Probably the most epic S.T.E.A.M. Saturday to date, last week we covered the NASA Parker Solar Probe launch on its mission to touch the sun. We also got to tour some great NASA facilities in Cape Canaveral and join in the press conference with project leads.
This S.T.E.A.M. Saturday we will chat about the Parker Solar Probe to learn about the science that it plans to collect, along with the science behind a probe that needs to get within 3.8 million miles of our star without being destroyed.
Here is a video about all of the highlights from the trip, including parts of the Parker Solar Probe launch on the Delta IV Heavy rocket.
Parker Solar Probe Mission – Heliophysics
Heliophysics is the study of the Sun (our star) and its effects on our Solar System.
The primary science goals for this mission are to trace how energy and heat move through the solar corona and to explore what accelerates the solar wind as well as solar energetic particles. Parker Solar Probe will carry four instrument suites designed to study magnetic fields, plasma, and energetic particles, and image the solar wind.
Solar wind is a stream of charged particles released from the upper atmosphere of the Sun, called the corona. Some of the things that are caused by solar wind are the aurora (northern and southern lights), the plasma tails of comets that always point away from the Sun, and geomagnetic storms that can change the direction of magnetic field lines.
This space weather can change the orbits of satellites, shorten their lifetimes, or interfere with onboard electronics. The Parker SOlar Probe will help gather information about these events and hopefully prevent damage to satellites in the future.
Solar wind reaches far out into space past Earth, and as NASA sends more probes and astronauts deeper into space, they will have a better understanding of these conditions.
Specs about the Parker Solar Probe
For the Parker Solar Probe to collect data, the spacecraft and instruments need to be protected from the Sun’s heat that reaches nearly 2,500 F (1,377 C). They do this with a 4.5-inch-thick (11.43 cm) carbon-composite shield, which will need to withstand the extreme temperatures. In the video above you can see a chunk of this reinforced carbon-carbon being heated to a near red hot glowing and everyone putting their hands on the other side to feel it. It was completely cool on the other side.
Parker Solar Probe Instruments: -Check out this link to learn more and watch videos of all of the instruments in depth.
- FIELDS – captures the scale and shape of electric and magnetic fields in the Sun’s atmosphere
- WISPER – Wide-Field Imager for Parker Solar Probe – only imaging instrument aboard the spacecraft
- SWEAP – Solar Wind Electrons Alphas and Protons investigation
- ISʘIS – Integrated Science Investigation of the Sun — ISʘIS, pronounced “ee-sis” and including the symbol for the Sun in its acronym
Who is Parker?
Eugene Newman Parker – In the mid-1950s, a young physicist named Eugene Parker proposed a number of concepts about how stars — including our sun — give off energy. He called this cascade of energy the solar wind, and he described an entire complex system of plasmas, magnetic fields and energetic particles that make up this phenomenon.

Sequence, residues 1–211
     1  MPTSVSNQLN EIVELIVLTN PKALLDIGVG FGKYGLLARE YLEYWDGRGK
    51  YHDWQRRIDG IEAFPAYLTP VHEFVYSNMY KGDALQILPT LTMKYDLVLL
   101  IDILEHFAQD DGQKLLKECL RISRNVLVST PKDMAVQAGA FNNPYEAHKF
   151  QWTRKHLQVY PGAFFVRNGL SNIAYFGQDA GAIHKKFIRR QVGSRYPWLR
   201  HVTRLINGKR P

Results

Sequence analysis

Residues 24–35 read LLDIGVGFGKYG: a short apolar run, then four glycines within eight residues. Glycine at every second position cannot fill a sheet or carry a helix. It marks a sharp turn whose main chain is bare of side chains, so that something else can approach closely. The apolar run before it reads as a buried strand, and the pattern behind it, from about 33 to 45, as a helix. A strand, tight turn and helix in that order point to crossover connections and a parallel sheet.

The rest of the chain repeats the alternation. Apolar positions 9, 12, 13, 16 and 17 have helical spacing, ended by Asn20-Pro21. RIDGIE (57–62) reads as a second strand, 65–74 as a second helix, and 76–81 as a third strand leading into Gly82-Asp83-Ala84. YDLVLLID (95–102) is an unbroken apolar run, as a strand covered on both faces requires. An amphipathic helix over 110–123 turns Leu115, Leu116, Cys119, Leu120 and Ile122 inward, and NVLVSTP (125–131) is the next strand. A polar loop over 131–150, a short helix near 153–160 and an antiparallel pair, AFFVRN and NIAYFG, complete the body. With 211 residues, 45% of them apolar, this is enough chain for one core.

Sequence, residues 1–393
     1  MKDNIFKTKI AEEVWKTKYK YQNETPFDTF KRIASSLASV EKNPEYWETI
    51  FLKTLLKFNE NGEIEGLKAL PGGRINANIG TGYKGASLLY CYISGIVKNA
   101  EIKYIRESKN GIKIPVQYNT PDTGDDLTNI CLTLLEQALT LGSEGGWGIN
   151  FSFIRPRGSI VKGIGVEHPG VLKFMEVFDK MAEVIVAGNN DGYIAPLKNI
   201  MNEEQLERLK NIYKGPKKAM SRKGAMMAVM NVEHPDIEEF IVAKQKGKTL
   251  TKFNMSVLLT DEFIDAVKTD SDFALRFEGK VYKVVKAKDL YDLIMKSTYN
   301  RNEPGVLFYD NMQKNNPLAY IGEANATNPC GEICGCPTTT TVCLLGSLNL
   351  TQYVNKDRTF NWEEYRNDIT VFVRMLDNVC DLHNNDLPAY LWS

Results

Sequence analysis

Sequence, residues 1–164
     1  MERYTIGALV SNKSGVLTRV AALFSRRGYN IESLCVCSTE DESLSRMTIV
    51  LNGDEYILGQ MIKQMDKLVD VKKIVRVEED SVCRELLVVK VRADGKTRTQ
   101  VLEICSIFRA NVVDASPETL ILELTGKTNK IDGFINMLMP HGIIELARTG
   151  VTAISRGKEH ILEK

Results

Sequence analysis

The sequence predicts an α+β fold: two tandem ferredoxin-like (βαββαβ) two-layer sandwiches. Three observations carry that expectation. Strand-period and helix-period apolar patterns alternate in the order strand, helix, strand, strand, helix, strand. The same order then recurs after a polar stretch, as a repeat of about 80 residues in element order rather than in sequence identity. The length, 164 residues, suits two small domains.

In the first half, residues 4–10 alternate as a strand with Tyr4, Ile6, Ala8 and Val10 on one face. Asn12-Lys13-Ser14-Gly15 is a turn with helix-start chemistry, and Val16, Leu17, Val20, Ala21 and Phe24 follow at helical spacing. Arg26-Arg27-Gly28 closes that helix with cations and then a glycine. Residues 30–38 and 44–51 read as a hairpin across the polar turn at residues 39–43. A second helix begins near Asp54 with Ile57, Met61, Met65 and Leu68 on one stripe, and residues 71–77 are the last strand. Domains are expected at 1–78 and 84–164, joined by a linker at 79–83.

Dr. Parker was at the launch and got to speak with us about how excited he is to see this mission and his life's work head to the Sun.
Touring NASA Kennedy Space Center
Learning all about the Parker Solar Probe was fantastic, but we also got to tour the NASA facilities that help get these missions off the ground. We visited that Vehicle Assembly Building (VAB) where the rockets and space shuttles are assembled before heading out to the launchpad.
Next up was the Crawler Transporter 2 that carries the rocket from the VAB to the specific launch pad. The CT2 rolls through at a whopping .75-.9 mph. It takes 8 hours to get from the VAB to the launchpad! It is so heavy that the rock underneath crumbles to nearly dust and have to be replaced all the time.
We then visited the Launch Complex 39B where we got to see an empty launch pad to see the flame trench and sound suppression system. Next, the group stopped at Space Launch Complex 37 Pad where the Delta IV Heavy was prepped for launch with the Parker Solar Probe inside. While visiting the complex, we got the surprise of a lifetime when the United Launch Alliance (ULA) president and CEO Tory Bruno showed up to chat with us!
We also got to see the Operations Support Building and the 45th Weather Squadron where they track the weather to make sure there is a successful launch.
Watching a NASA Launch
If you haven't watched a NASA launch (even on TV or streaming), I highly recommend it. The highlight of the trip was watching the Delta IV Heavy launch the Parker Solar Probe into space. The launch happened in the wee hours of the morning and was scrubbed the first night. The sights and sounds of a launch, especially one at night are incredible. Florida is so flat that you can see them from pretty far away as well.
The Parker Solar Probe is now on its way to the Sun. It will use Venus' gravity during seven flybys over nearly seven years to gradually bring its orbit closer to the Sun. It is expected to reach Venus in October to start the first flyby. We can't wait to start seeing the data that the probe starts to collect. Previous missions that have covered Jupiter and Saturn have produced some of the most amazing images I've ever seen.
Thanks for stopping by for this amazing S.T.E.A.M. Satruday!